Whether it happened when you dined at a restaurant that didn’t have a dedicated 100% gluten-free kitchen, or when you ate the meatloaf that your aunt insisted didn’t have any bread or flour it in, or even if you have no idea how it happened, many of those with gluten intolerance or celiac disease who follow a real food template have been there: the unfortunate accidental exposure to gluten that is often referred to as “glutening” or “being glutened”. When gluten is eliminated from the diet for a period of time, re-exposure will often lead to unpleasant reactions in people with celiac disease or a gluten intolerance. Symptoms of gluten exposure can vary widely and may include:
- Muscle and Body Aches
- Joint Pain
- Bloating or Gas
- Nausea or Stomach Cramps
- Constipation or Diarrhea
- Rashes, Acne, or Other Skin Disturbances
- Headaches or Migraines
- Depression or Anxiety
- Brain fog
- Exacerbation of Existing Disease Processes
The severity of symptoms from gluten exposure and the length of time it takes to recover depends on numerous factors, including the amount of gluten exposed to, length of time from last gluten exposure, degree of gluten intolerance, presence of celiac disease, health of the digestive tract, existing inflammation or infection in the body, and overall health status. Some people find that they can recover from gluten exposure within a few days, while others may experience significant setbacks in their health that last weeks to months. For those with celiac disease, it may take years for complete healing of the small intestine after gluten exposure, although outward symptoms may resolve much sooner.
Regardless of what symptoms you experience from gluten exposure, there are some steps that you can take to aid the recovery process:
- Drink plenty of water: Water is an essential nutrient and every cell of the body needs water to function properly. Water also assists in the removal of wastes and toxins from the body. Many people live in state of chronic dehydration, so drinking an appropriate amount of water may help you to feel more refreshed, alert, and better able to cope with the symptoms of gluten exposure.
- Get extra sleep and rest: Sleep is the time that your body repairs itself and undergoes natural detoxification processes. After a gluten exposure, it’s important to honor your body’s need for extra sleep and rest so that it can combat the symptoms that you may be experiencing and facilitate the healing process. You may also want to avoid strenuous activity and opt for gentle exercises like walking and yoga.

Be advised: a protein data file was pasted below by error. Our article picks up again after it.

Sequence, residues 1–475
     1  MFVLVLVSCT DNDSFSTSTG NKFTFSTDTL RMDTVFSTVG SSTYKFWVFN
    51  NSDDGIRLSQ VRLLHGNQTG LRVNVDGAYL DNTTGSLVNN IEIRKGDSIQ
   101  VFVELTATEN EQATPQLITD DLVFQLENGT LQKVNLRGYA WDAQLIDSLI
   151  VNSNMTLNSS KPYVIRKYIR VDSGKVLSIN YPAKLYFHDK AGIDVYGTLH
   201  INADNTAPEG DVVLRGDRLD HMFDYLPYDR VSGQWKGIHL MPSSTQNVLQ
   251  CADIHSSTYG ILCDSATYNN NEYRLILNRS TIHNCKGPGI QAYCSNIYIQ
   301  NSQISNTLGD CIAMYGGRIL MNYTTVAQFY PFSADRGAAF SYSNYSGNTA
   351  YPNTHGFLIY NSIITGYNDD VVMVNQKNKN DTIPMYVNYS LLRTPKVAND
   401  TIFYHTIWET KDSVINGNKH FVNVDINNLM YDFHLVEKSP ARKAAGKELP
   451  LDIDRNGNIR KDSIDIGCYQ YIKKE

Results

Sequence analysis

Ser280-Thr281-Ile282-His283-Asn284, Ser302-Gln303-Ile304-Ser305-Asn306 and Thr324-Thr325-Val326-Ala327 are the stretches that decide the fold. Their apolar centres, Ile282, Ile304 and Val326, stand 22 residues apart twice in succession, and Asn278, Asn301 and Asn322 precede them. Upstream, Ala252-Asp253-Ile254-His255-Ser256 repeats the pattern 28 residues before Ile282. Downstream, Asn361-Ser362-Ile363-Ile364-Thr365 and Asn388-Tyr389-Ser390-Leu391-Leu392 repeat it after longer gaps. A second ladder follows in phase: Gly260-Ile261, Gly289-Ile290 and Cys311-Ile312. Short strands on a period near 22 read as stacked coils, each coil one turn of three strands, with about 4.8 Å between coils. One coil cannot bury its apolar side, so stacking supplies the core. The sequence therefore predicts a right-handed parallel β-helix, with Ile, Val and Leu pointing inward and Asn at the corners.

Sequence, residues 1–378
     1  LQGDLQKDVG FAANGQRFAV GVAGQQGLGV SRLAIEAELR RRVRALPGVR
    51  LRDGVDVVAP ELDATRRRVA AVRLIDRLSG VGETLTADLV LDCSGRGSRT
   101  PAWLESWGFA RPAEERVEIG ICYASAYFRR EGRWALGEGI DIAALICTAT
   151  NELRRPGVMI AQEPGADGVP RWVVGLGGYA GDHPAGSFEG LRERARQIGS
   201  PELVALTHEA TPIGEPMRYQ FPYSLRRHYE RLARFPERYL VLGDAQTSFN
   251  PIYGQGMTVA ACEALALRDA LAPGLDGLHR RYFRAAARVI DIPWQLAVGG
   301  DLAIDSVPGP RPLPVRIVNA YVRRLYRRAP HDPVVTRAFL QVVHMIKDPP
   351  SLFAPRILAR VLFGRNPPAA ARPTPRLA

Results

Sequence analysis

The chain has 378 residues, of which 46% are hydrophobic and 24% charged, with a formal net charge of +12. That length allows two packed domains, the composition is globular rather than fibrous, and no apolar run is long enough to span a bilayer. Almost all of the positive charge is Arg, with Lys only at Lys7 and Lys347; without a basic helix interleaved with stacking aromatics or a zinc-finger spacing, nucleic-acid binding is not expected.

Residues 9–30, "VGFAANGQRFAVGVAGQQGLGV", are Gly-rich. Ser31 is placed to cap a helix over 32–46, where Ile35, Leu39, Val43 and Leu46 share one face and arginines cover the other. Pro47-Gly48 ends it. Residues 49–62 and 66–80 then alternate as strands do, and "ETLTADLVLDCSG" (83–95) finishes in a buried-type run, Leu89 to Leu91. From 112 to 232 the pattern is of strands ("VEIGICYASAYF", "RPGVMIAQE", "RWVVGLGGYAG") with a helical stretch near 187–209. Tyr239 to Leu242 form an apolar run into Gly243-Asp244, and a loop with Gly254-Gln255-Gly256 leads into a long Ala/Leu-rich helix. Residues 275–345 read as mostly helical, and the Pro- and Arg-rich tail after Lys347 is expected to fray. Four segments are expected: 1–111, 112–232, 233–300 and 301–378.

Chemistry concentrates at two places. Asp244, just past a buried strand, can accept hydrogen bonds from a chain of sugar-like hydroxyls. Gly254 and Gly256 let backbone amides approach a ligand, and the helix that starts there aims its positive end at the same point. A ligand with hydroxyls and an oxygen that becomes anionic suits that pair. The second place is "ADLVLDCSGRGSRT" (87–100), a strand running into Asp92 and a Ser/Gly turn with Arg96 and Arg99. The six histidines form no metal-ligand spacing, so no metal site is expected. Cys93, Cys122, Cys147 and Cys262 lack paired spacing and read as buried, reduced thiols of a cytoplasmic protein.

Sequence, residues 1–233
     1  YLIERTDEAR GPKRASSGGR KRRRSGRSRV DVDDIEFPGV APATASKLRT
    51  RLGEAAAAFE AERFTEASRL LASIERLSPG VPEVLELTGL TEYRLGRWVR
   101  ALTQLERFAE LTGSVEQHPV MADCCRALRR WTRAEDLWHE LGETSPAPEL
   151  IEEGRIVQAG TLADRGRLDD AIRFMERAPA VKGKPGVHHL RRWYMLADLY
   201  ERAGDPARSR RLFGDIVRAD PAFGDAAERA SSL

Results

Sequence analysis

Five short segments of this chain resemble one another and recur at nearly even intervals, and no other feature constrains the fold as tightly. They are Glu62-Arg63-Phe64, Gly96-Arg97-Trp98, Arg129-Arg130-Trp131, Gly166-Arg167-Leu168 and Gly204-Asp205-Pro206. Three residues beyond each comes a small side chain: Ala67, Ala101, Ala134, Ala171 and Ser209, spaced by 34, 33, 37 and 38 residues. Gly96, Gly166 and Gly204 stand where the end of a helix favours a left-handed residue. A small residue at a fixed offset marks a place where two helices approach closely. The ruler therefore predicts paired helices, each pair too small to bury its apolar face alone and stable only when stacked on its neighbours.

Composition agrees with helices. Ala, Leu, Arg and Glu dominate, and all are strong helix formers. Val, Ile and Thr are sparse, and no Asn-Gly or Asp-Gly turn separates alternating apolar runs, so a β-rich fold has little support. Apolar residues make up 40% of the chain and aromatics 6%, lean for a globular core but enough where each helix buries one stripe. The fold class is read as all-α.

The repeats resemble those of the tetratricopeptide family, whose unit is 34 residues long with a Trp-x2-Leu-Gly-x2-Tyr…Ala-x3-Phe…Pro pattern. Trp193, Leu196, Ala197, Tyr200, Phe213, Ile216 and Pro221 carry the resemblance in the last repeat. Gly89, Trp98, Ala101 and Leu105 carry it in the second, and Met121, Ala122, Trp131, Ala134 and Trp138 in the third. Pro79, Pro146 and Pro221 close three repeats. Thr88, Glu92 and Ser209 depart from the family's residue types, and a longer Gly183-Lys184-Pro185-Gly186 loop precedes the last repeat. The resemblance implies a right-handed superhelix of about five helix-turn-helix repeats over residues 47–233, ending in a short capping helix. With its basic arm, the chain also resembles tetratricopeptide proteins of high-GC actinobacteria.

- Drink bone broth: Bone broth is rich in minerals, gelatin, and other nutrients that are soothing to the digestive system and nourishing for the entire body. An additional benefit is that bone broth is hydrating. Incorporate bone broth into your diet daily.
- Take Epsom salt baths: Epsom salts contain magnesium, a mineral that can help relax the body and relieve muscle aches and pains. Also, the sulphate minerals found in Epsom salts are detoxifying. Epsom salt baths can stimulate the lymphatic system and support the immune system. If you don’t already take these baths regularly, start with taking an Epsom salt bath three times per week following a gluten exposure.
- Take digestive enzymes: If taken immediately following the consumption of gluten, some people believe that digestive enzymes can help to modulate their symptoms. There are a few digestive enzyme products that are marketed specifically for this purpose; however, it is known that digestive enzymes do not prevent the damage caused by gluten, especially in the case of celiac disease. They should not be used to knowingly consume gluten if you are gluten intolerant, but they may help you to digest your food better in general and lessen some gastrointestinal symptoms following accidental gluten exposure.